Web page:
A University of Southern California Study showed Tennesseans were the second most likely behind Texans to share fake Russian posts on social media.
That's after lawmakers released information detailing how Russian influence campaigns generated fake posts on social media intended to divide Americans. The details were released during a House Intelligence Committee hearing on November 1, 2017.
"It wasn't just the Bernie supporters or Trump supporters they were targeting. Their main goal was to divide the American society," said Dr. Natalie Rice, a University of Tennessee research associate who studies Russian propaganda.
According to Rice, the posts continued far after the 2016 election and targeted all parties and opinions.
"This is not a Republican problem and this is not a Democratic problem. This is an American problem," Rice said.
From her studies, Rice said she learned that the more someone likes and shares on social media, the bigger a target he or she can become.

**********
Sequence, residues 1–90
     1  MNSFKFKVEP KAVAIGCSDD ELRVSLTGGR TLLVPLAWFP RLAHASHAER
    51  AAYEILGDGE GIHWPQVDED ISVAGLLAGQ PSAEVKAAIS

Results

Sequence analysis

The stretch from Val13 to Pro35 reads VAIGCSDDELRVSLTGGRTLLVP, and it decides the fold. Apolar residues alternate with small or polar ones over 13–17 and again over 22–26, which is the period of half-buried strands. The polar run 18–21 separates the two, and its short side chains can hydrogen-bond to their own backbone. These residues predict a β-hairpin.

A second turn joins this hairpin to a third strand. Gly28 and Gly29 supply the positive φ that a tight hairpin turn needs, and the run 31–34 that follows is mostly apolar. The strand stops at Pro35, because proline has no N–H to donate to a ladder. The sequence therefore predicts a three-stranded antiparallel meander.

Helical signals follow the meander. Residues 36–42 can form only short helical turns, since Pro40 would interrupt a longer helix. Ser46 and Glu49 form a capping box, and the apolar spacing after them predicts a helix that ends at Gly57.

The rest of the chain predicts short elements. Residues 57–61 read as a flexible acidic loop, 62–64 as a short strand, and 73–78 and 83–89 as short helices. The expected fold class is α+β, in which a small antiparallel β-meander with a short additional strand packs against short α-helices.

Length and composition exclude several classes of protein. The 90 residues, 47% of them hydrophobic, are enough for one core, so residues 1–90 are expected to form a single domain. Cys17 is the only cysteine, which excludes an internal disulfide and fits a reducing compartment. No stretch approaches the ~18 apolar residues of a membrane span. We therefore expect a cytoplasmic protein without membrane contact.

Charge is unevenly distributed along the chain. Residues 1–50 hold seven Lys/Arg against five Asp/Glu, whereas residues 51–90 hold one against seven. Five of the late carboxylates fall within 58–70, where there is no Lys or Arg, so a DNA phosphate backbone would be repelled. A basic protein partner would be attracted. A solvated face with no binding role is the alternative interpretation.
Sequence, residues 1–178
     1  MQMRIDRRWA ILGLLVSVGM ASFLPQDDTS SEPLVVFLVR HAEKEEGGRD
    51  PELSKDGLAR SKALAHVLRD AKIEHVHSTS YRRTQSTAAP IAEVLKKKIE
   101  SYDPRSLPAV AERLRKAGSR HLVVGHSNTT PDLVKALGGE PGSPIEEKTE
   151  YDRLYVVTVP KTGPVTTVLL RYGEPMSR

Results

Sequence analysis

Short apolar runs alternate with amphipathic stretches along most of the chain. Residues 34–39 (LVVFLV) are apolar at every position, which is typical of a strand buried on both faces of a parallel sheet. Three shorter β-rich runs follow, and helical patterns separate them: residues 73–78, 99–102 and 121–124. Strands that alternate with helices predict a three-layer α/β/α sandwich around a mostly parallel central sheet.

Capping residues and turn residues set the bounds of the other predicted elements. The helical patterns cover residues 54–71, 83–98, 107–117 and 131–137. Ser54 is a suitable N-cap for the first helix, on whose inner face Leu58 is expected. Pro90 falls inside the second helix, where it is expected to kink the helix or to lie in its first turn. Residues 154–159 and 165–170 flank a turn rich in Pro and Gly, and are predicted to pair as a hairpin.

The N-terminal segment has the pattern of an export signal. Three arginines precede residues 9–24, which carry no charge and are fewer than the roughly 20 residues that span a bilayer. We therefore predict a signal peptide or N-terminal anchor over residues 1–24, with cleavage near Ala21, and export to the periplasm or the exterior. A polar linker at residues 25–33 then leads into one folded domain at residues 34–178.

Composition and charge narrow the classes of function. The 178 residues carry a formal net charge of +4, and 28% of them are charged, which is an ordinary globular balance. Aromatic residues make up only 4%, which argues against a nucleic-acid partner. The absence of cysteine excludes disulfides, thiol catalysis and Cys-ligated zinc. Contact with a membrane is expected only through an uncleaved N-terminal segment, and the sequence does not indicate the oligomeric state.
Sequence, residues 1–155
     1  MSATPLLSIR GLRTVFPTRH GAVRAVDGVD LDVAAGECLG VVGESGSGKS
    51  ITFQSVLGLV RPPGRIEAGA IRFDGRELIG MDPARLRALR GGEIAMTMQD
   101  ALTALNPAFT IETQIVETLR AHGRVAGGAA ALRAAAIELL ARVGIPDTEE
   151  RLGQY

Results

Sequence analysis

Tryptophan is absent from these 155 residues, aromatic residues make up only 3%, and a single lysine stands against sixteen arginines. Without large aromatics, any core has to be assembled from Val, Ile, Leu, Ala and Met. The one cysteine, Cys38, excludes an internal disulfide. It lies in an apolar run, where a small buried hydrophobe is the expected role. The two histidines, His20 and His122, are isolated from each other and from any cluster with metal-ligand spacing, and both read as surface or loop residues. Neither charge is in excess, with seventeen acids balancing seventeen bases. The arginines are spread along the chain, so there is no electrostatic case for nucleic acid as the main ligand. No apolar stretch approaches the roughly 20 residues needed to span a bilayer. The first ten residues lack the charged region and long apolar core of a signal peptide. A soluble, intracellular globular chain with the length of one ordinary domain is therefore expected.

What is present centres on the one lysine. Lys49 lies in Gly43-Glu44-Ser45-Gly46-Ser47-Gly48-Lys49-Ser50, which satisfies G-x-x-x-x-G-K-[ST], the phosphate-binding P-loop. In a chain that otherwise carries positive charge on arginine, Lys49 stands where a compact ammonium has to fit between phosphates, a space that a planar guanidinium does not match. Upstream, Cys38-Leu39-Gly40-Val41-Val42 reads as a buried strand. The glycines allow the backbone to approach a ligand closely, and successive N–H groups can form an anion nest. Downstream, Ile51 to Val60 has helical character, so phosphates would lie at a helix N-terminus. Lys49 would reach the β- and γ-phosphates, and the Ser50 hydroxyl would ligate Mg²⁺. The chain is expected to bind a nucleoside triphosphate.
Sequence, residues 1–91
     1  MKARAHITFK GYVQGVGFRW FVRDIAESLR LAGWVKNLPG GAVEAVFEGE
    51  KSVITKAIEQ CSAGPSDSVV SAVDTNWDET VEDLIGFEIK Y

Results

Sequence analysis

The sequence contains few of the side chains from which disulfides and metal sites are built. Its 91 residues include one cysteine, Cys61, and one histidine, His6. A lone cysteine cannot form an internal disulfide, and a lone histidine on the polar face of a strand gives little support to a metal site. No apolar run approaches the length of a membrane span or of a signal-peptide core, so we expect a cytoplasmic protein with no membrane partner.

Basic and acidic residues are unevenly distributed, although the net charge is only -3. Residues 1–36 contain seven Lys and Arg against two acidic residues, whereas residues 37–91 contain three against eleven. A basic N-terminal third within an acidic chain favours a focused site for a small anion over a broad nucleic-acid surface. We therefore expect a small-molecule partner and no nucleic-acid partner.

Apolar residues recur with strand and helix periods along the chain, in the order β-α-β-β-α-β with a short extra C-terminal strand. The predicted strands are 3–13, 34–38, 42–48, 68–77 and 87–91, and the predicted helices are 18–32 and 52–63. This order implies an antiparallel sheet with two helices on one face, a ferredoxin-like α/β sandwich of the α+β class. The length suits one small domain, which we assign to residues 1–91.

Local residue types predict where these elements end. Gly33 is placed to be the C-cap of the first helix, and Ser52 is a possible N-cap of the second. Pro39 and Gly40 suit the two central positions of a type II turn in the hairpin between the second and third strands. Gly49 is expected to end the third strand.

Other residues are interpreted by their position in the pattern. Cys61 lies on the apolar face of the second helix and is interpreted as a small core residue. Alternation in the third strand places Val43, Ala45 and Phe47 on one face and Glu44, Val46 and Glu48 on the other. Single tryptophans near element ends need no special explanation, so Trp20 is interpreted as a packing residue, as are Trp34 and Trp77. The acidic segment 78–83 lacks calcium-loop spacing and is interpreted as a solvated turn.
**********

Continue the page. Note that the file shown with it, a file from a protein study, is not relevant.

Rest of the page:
"Think about how many times a day you like a news story ... and imagine if people have access to that information, how carefully they can target their propaganda toward your personal taste," she said.
If a post feels like it is tugging at emotion or political leanings, Rice said it might be a Russian operative. The only way to tell, she said, is to go back and verify the source of the post before sharing.
"We can fight back. We can start with our own behavior. We can point out when we see something that people are sharing that is not true," she said.
It can be hard to determine if a post was generated by a Russian operative or an American citizen. See for yourself in this quiz.